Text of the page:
Review: Ash

SRRN’s Ash is an incredible game.

There are times when one intuitively knows that they are playing the creation of someone who truly loves their respective genre; Ash is one such game.

Gameplay/structure

The kindest thing that one could say about Ash’s gameplay is that it gets the job done. It doesn’t burden the player overmuch, but it is not the shiny nail on which Ash proudly hangs its hat. Character building is a vanilla affair, with character abilities being doled out at pre-determined levels (along with at specific story junctures).  As far as the interface elements are concerned, they are a cut above most every other RPG on offer in the iTunes store. The touch screen battle interface is a joy to use (the custom-built touch input has you cycling through turns at a brilliant pace!), and the touch input for field navivation (while initially disorienting) has fast become intuitive, and is indeed one of my favourite touch based RPG interfaces. That said, while the battle interface does acquit itself admirably well, it doesn’t really hit its stride until about the half-way point of the game, when your final two members join the party. Before that point the imbalance between player and enemy turns leads to the sense that it does not quite run as smoothly as it should.

No, I said niggles!

While my summery thus far has been largely positive, the game does come with a (Pipher sized) arseload of technical niggles. There are occaisional chests which won’t open, doors that don’t lead anywhere, and control glitches, though these have allegedly been solved by a later game update (I played the original release, and so cannot comment on the sucess of the fixes). The initial build of Ash also required a healthy amount of grinding early on, and by the time I reached the final dungeon my party had reached the the level cap and all additional EXP counted for nought. Happily both of these problems have allegedly been solved, with more plentiful items and EXP being patched into the earlier portion of the game, and an additional eight levels, brining the level cap up to forty. Additionally, the accuracy of character attacks is somewhat worse than in Skies of Arcadia, this is allieviated throughout most of the game by the sheer pace of the battle system, yet by the time one reaches the end dungeon, they will be forced to experiement with all of their various debuff skills if they wish their physical attacks to continue dealing damage. It really depends on what type of player one is as to whether this leads to boon or bust, I found the final dungeon to inject some much apprieciated strategy into the mix, though players intent on merely churning their way through the experience will hit a wall. Thus, the gameplay experience on offer here is reflective of a competant independent studio that does not possess the resources to extensively playtest and debug their software, yet have been remarkably responsive to all points of player criticism in re-balancing their game.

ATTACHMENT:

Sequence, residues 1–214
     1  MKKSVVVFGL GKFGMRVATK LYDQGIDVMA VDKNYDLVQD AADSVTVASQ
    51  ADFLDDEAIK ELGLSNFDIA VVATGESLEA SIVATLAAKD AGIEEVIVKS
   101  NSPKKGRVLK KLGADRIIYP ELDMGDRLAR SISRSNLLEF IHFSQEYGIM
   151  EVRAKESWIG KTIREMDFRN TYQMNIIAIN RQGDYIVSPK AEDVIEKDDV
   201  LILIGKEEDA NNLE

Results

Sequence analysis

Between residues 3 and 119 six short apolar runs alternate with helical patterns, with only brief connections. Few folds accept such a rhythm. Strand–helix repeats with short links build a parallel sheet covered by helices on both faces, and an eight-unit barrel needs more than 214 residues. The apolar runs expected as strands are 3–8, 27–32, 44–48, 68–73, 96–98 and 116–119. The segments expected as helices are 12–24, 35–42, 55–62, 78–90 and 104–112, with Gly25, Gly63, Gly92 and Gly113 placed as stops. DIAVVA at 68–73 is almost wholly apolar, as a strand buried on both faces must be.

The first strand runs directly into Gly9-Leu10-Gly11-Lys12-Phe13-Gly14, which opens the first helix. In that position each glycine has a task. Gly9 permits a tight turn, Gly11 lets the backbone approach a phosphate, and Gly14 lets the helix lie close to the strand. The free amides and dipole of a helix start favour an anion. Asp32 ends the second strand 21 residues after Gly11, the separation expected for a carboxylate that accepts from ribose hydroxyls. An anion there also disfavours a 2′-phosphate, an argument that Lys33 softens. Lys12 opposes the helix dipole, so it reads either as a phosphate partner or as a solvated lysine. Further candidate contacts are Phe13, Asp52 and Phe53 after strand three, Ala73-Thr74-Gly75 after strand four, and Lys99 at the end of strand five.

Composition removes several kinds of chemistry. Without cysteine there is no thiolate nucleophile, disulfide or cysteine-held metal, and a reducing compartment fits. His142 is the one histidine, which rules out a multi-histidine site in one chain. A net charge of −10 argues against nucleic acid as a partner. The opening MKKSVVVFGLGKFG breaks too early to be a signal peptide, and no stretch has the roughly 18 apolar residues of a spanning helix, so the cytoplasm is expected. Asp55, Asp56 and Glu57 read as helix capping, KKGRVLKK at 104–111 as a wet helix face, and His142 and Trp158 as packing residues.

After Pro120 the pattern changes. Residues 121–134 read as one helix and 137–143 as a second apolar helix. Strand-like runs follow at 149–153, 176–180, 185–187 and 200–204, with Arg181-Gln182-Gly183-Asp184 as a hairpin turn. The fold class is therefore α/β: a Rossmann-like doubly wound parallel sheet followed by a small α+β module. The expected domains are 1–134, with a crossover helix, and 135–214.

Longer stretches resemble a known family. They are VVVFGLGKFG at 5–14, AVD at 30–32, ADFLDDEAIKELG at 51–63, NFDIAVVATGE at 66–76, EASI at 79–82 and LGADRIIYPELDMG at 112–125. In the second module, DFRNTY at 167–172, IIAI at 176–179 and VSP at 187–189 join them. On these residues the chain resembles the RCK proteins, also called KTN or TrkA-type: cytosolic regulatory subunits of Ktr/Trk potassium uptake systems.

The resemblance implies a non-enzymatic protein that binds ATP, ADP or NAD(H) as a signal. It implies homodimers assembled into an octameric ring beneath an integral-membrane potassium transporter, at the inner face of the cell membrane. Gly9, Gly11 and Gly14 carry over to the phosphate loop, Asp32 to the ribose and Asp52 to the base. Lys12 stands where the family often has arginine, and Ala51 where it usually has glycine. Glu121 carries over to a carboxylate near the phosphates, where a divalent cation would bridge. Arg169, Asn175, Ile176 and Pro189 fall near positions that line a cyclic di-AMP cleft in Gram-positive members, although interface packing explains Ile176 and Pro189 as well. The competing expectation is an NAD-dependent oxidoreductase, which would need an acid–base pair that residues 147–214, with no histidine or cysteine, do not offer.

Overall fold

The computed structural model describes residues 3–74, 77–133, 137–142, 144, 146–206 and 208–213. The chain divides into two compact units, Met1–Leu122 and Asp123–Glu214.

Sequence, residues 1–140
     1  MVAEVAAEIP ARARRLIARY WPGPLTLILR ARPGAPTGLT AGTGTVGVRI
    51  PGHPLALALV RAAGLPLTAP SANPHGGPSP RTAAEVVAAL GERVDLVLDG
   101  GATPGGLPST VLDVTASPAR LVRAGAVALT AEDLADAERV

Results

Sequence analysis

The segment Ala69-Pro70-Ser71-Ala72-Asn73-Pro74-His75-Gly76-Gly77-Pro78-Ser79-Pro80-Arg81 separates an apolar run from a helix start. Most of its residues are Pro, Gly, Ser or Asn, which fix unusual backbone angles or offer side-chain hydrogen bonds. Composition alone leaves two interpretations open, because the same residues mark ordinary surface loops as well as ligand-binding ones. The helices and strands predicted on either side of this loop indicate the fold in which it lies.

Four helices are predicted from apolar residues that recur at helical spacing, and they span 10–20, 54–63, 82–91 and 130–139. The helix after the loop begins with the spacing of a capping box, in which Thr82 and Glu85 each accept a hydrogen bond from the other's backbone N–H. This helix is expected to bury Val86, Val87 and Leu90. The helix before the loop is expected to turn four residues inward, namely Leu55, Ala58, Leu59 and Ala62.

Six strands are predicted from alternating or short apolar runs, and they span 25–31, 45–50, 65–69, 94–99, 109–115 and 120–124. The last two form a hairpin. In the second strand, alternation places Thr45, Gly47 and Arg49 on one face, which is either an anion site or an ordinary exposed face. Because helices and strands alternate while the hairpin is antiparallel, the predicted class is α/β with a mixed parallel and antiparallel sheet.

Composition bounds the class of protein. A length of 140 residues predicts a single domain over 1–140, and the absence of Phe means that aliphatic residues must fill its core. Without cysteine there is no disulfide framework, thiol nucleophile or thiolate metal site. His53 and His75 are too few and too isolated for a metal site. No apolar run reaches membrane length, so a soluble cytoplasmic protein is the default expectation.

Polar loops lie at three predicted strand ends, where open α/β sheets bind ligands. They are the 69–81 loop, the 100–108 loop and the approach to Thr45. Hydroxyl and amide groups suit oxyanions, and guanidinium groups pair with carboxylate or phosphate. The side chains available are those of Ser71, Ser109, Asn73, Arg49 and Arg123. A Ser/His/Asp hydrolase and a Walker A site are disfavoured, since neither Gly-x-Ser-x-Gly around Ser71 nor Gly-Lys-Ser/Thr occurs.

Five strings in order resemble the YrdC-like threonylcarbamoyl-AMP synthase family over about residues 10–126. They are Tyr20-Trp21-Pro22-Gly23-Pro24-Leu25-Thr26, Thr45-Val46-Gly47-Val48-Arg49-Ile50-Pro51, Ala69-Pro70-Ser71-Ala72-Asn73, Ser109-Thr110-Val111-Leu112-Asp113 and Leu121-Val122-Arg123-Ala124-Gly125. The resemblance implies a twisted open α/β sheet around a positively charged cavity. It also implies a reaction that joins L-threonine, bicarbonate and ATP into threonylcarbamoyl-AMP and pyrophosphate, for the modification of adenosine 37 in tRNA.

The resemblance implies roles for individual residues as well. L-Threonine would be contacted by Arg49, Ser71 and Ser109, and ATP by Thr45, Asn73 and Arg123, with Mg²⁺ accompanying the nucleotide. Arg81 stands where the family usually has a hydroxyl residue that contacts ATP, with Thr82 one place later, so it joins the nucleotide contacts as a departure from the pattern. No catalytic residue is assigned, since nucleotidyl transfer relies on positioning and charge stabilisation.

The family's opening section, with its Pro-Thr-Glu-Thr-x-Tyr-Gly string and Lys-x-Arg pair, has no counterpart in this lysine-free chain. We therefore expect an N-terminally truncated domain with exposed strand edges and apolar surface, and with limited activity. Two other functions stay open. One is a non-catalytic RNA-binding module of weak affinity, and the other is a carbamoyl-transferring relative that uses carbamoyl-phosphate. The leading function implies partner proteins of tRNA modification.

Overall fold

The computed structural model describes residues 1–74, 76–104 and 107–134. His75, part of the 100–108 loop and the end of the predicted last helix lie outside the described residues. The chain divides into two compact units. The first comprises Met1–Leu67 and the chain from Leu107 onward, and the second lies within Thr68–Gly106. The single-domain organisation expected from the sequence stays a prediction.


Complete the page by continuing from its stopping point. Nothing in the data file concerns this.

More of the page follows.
So then if Ash is not to stake its claim in terms of gameplay, how then does it go about distinguishing itself? The stand-out features of Ash really are the game’s characters, story, setting, humour and soundtrack. In fact I would probably be somewhat guilty of underestimating Ash’s charms by saying that its strengths lie in a similar vein to the Working Designs catalogue …

Characters/humour

Not quite what I'm talking about ...

The backbone of Ash really is its wonderfully well realised characters, particularly Nicholas and Damien, and the familial bond they share. Nichlolas is the world weary husband, father and sheild to the former King, who lost his family to the swords of the corrupt Magistrate’s Black Guard. Damien is Nicholas’ former lieutenant, an impulsive young man who likes his Ale, women and potatoes (Ginia’s ideal man?). Both have been on the run from the Empire for the last five years, and both are sarcastic to a fault. Rounding out the party is the mysterious and reticent Olesanmi, and Damien’s love interest Yuka. This last relationship is of particular amusment, as durring the better moments of Damien’s fumbling attempts to proposition Yuka there are what seem to me to be echoes of Zidane’s pursuit of The aloof Garnet.

What all of these dynamics amount to however, is some of the most acerbic and sarcastic banter you will find in an RPG, as the members of the party take to belittling Damien’s intellect with the same gleeful exuberence that the Lusipurr.com family has taken to mocking Oliver Motok.

In fact this level of humour pervades all levels of the game, softening what is at its heart a fairly serious tale. One element of the game design which cannot be at all faulted is the way that the level design and game mechanics work to incorporate the same kind of goofy humour for which Working Designs are loved (and loathed by morons). The game positively delights in breaking the fourth wall. Take the relatively pedestrian function of searching environmental objects such as barrels and wardrobes for potions and gold, feedback text could well have been written on autopilot, yet to to the SRRN scenariscists this was an occaision ripe for environmental humour.

Nope, that's not it, but it's just as cool.